Lionel Fanthorpe, 64, is a writer, tutor and
motorcycling Anglican priest, and has been
a comprehensive school head. He presented
the recent Fortean TV series. The World's
Most Mysterious Places is published this
week. On 3 July he presents a Channel 4
programme on Nostradamus (who
prophesied the end of the world on 4 July)
Sheer magic: Canon Bauman, the chairman of the governors in my junior school in Dereham, Norfolk, was a conjuror. He would take morning prayers and show us conjuring tricks. I have been interested in mystery ever since.
At death's door: Sitting in the drawing-room of the old house where I grew up, we would hear the front gate open and see a small, elderly figure pass the window - but no one would come to the door. This would be followed by the death of someone we knew; it was as if they had come to say goodbye.
My mother told me that in the night she saw a figure walking in her bedroom: "I'm quite sure I saw a visitor from another world in our bedroom last night."
My grandmother once frightened herself by looking into a crystal ball at a fair; she saw the face of the man she later married.
Woodworker-priest: At grammar school in Swaffham, Norfolk, I was taught woodwork by Harry Carter, the cousin of Howard Carter, the archaeologist who discovered Tutankhamun's tomb.
Harry carved the town sign of Swaffham, which showed a pedlar who dreamt that if he stood on London Bridge he would become rich.
On the bridge, a man told him that he had had a dream about a pedlar from Swaffham who dug under an apple tree in his garden and found a pot of gold.
So the pedlar went home...
On your motorbike: I left school at 15, without taking any exams. My aspiration was to qualify as an adult male. If you got a job and a girlfriend and a motorbike, you were a man. If you were at school taking exams, you weren't.
If I'd been a Hopi Indian, I would have wanted to take my initiation ceremony.
Cutting corner shop: I did my O-levels while helping my father with the family business - which was a corner shop - and I was married before taking my A-levels, when I worked as a journalist.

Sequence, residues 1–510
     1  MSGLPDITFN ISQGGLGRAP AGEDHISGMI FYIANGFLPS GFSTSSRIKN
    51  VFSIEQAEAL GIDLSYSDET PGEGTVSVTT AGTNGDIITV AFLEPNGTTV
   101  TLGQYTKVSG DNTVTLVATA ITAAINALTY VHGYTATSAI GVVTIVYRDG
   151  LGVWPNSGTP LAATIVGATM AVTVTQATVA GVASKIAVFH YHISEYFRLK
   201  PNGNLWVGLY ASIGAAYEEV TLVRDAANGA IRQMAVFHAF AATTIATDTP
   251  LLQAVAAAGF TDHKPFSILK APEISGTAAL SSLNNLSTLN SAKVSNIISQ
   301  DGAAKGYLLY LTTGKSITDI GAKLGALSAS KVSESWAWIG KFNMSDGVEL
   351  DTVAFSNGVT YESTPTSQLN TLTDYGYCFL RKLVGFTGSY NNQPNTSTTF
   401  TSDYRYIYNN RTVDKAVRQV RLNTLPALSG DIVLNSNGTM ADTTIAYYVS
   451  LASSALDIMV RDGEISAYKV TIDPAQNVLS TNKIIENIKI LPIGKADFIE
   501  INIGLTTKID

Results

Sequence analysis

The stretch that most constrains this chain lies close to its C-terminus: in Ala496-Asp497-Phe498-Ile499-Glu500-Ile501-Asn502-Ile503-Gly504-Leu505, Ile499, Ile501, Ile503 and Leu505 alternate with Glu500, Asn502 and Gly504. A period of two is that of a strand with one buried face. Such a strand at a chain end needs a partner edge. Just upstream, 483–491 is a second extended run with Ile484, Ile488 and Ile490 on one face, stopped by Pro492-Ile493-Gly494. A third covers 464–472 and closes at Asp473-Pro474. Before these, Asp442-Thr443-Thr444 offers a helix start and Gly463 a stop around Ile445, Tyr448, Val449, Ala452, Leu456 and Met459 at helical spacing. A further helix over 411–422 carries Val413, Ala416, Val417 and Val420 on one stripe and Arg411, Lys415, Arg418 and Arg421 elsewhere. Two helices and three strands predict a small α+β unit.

My A-levels, in English and religious instruction, got me into teachers' training college at Keswick Hall near Norwich. This was full-time for three years but I did it in two, as what was laughingly called a "mature" student.
My next qualification was an external BA at the Open University; I got an upper second.
Third degree: I started on my ordination for the ministry of the Church- in-Wales while I was still the head of the inner-city comprehensive school Glyn Derw - it translates as "Oak Valley" - in Cardiff.
This ordination was much like an external degree course. We would do a day's work, then drive 30 miles down the Rhondda for a three-hour tutorial on church history. (I'm not a "stipendiary" priest, that is, I don't have an income from the church.)
I took a fellowship of the College of Praeceptors, the equivalent of a PhD. The college is a wonderful organisation, founded in 1849 before government set up teaching qualifications. I was doing three things at the same time: preparing for ordination, studying for the college, and being a headteacher.
Fighting talk: God has given me a great deal of energy. Every morning I go down to the gym for weight-lifting - I am a weight-lifting instructor and third dan martial arts instructor. An 18-hour day is not uncommon.
I have an advertisement offering tuition in the Cardiff Yellow Pages, and Talking Pages.
It reads: "All ages, all levels, most subjects."
Interview by Jonathan Sale
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